Hackney's primary aim was to maximise the price it could get for the terrace from a private developer. This was sought by first trying to demolish them without planning permission (unsuccessfully) and then by disregarding its own engineering consultant's opinion, disregarding its conservation and affordable housing policies and disregarding its community's views. The outcome, behind the phoney fronts, will be 44 new flats for private sale with no affordable housing for local people at all.

The Vandals: an eastern Germanic tribe which earned notoriety by sacking Rome in the 5th century, but which was later defeated by the Byzantines.
Vandalism: the gratuitous anti-social destruction of the environment and artistic creations.
Municipal vandalism: the destruction of our cultural heritage by corporate ignorance, deliberate neglect, greed and vanity, all in the name of regeneration, best value, necessity and progress

Sunday 30 October 2016

Dalston's architectural legacy of Edwin Horne(1843-1915)

Your chance to tell Hackney what you think, about its proposed Dalston Lane (West) Conservation area extension, is to end on Monday 31 October. You can read what we have said to the Council here. You can make your comments to the Council online here.

We have discovered that Dalston has a special architectural legacy from the great Victorian architect Edwin Henry Horne who was employed to design the Reeves Artist's Colour Works factory (1868) where Arcola Theatre is based, V22's artists studios at the 10-14 Ashwin Street (1870), 5-9 Dalston Lane (1867) and probably the Railway Tavern (1868) at 11 Dalston Lane.  Edwin Horne later went on to design stations for the North London Railway in 1870 ( of which Camden Road is Grade II listed by Heritage England) and to design Grade II Listed St John's of Ealing in 1876.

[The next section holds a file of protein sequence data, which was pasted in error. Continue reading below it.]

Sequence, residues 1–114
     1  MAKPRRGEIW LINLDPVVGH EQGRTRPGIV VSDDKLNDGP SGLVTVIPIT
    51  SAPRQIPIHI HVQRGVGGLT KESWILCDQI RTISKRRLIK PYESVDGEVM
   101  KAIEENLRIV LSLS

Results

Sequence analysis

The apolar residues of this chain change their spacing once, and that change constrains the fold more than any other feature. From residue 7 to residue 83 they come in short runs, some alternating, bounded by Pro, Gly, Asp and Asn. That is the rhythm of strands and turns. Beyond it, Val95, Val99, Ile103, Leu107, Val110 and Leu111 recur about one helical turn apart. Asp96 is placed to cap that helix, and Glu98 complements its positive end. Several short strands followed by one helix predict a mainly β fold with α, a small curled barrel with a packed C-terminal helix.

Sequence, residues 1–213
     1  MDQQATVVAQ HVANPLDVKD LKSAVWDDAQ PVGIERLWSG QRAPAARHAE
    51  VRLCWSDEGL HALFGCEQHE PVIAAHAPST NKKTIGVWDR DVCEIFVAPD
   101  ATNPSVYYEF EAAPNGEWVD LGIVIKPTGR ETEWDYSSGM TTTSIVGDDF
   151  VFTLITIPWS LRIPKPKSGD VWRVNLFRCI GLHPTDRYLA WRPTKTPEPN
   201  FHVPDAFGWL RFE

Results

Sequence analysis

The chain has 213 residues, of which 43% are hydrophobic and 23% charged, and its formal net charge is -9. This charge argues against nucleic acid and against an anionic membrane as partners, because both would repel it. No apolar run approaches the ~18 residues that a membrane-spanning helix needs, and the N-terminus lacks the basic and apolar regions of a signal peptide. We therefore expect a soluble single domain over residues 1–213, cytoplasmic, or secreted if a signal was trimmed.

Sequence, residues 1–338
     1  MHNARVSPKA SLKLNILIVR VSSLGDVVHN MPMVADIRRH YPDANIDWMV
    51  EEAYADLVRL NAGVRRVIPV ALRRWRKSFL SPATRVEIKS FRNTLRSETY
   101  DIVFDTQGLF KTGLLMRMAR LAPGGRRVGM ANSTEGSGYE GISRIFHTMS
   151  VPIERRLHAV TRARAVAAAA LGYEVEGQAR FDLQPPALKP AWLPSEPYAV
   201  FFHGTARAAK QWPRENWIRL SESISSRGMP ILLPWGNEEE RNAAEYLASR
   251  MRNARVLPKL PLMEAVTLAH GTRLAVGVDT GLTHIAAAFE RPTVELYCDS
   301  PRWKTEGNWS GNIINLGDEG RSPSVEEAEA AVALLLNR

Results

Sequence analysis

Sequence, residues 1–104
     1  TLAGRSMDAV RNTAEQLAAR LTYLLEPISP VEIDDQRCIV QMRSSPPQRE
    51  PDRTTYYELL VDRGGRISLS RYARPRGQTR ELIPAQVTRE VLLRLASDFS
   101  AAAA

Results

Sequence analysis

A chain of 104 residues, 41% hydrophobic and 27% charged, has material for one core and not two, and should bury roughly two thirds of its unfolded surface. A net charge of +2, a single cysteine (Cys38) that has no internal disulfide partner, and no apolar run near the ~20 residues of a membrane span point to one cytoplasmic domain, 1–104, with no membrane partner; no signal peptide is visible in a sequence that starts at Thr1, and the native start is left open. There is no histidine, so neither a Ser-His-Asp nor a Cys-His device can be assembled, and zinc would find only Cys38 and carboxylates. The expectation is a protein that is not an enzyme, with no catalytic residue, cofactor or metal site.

We have also pointed out the Council's serious omission of failing to show the Eastern Curve Garden on the new Conservation Area Map as an area of "Important trees and green space" - despite it being the largest, most popular and most important green space in Dalston Town Centre. Do the Council still plan to concrete it over as part of a shopping circuit?

If you missed the Eastern Curve Garden's magnificent and magical show of over 500 carved pumpkin lanterns don't worry! You can still pop in and see the display, for this week only, after dusk 

Sunday 9 October 2016

If you love Dalston's character then now's your chance to say so

If you love Dalston's architectural and historic character you have until 31 October to make you views known. Hackney Council's is consulting on long awaited plans to extend the Dalston Lane (West) Conservation Area [DL(W)CA]. Extending the conservation area will give the Council planners wider control to ensure that changes to the local environment preserve and enhance the area's character  - for example changes affecting its buildings (by demolition or alteration), its public and private open spaces, its gardens and trees (which are affected by overshadowing), its road layouts and surfaces (which also affect air quality) and other important features in our environment.